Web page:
A series of documented meetings have since occurred, most notably, according to memorandums, one with the office of the Supervisor of Elections and presidential candidates to assist to determine the method and time of the vote. Follow up notes indicate a contentious issue was the validation and accountability of any physical ballots that were distributed. Because of this disagreement, as well as obtaining funding for the election, there was no resolution by September 30.
In the meantime, members of the HTCA steering committee, after discovering the interim vice president of HTNA had filed articles of incorporation with the state of Florida to claim the HTCA (Civic Association) title and domain names, re-branded itself as the Hampton Terrace Community Association. In an attempt to meet the city's expectation of elections by the 9/30 deadline, the HTCA organization sponsored a neighborhood outreach event to meet residents, and made plans for an election to occur on September 27 and 28. While this was supported by the Supervisor of Elections office via email, who offered convenient times and methods to facilitate the city's intent, the elections were postponed, ostensibly due to the city's inability to mail postcard notices to all residents.
Officers of the HTNA organization protested to the NRO regarding the HTCA outreach efforts, claiming the group was operating outside of established guidelines, and insinuating various conspiracies with the Old Seminole Heights Neighborhood Association, several of whose current officers reside in Hampton Terrace. Given these protests, the election was tabled and further teleconferences and virtual meetings have occurred.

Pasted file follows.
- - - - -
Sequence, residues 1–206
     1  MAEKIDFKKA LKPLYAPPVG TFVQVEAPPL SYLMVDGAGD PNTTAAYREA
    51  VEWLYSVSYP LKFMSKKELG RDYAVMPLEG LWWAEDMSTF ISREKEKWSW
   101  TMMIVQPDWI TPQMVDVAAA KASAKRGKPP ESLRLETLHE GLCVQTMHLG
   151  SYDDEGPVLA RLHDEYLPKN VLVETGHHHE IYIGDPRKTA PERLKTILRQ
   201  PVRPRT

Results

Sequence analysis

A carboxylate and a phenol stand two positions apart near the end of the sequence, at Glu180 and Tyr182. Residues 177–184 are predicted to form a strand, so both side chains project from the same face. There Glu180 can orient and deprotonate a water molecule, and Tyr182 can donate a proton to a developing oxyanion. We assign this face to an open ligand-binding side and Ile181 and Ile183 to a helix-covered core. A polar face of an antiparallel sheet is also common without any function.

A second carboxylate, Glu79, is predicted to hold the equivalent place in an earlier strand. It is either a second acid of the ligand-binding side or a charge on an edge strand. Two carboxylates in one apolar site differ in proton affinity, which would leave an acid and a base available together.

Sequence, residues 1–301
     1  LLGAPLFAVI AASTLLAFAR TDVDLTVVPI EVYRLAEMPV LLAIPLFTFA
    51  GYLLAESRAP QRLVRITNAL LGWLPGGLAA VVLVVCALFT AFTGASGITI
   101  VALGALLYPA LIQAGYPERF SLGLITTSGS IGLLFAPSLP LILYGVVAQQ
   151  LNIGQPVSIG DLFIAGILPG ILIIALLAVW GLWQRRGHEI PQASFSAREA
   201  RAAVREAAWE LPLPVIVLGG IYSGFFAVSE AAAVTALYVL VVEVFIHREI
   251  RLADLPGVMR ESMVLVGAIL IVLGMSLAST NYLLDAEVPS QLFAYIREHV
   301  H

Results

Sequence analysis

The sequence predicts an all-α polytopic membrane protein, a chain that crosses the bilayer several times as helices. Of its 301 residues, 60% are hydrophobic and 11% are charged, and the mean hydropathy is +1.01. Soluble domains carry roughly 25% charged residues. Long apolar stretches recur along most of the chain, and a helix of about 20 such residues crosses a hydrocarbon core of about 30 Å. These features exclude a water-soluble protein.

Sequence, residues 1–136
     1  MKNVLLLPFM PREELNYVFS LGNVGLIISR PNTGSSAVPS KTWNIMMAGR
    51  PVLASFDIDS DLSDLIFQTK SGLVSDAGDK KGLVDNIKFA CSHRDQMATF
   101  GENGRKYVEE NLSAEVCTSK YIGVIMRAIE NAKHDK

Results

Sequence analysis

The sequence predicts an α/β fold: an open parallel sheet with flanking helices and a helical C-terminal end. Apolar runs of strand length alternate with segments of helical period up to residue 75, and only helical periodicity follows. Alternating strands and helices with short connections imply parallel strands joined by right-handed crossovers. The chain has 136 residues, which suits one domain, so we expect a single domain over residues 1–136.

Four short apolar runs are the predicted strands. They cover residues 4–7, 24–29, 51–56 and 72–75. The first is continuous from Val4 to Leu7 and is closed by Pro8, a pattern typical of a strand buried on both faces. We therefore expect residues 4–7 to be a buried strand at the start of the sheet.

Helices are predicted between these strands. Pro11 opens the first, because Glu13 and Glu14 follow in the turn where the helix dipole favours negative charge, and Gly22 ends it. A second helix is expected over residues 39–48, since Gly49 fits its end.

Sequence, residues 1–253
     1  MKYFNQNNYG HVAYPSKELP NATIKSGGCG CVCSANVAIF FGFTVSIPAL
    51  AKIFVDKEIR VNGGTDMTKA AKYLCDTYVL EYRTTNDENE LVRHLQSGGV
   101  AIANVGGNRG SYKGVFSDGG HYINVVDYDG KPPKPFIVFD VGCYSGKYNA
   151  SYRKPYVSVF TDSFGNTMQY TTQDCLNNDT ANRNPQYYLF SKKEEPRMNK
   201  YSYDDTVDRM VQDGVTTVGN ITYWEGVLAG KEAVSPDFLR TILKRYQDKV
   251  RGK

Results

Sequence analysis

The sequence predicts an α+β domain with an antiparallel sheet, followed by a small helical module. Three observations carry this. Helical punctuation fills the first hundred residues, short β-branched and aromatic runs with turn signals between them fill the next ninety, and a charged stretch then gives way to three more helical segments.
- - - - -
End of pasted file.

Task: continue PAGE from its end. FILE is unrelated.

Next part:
At this time, Hampton Terrace has not conducted elections, but have a loose agreement with Tampa's NRO to be conducted December 7 or December 9.
- "National Register Information System". National Register of Historic Places. National Park Service. 2010-07-09.
- "Abstract of Title to Certain Lands in Hillsborough County, Florida, No. 45782", Tampa Abstract and Title Insurance Co., Compiled for Karl Knuttsen, 1928
- "Florida - Hillsborough County - - Historic Districts" National Register of Historic Places. Retrieved February 12, 2010.
- "Old Seminole Heights". TampaGov. Retrieved February 12, 2010.
- "Seminole Heights Historic District". TampaGov. Retrieved February 12, 2010.
- "How to Form A Neighborhood Association, version 2007". TampaGov Retrieved August 5, 2010.
- Hillsborough County listings at National Register of Historic Places
- Map of Hampton Terrace Historic District
- Hampton Terrace community website Resources for residents since 2004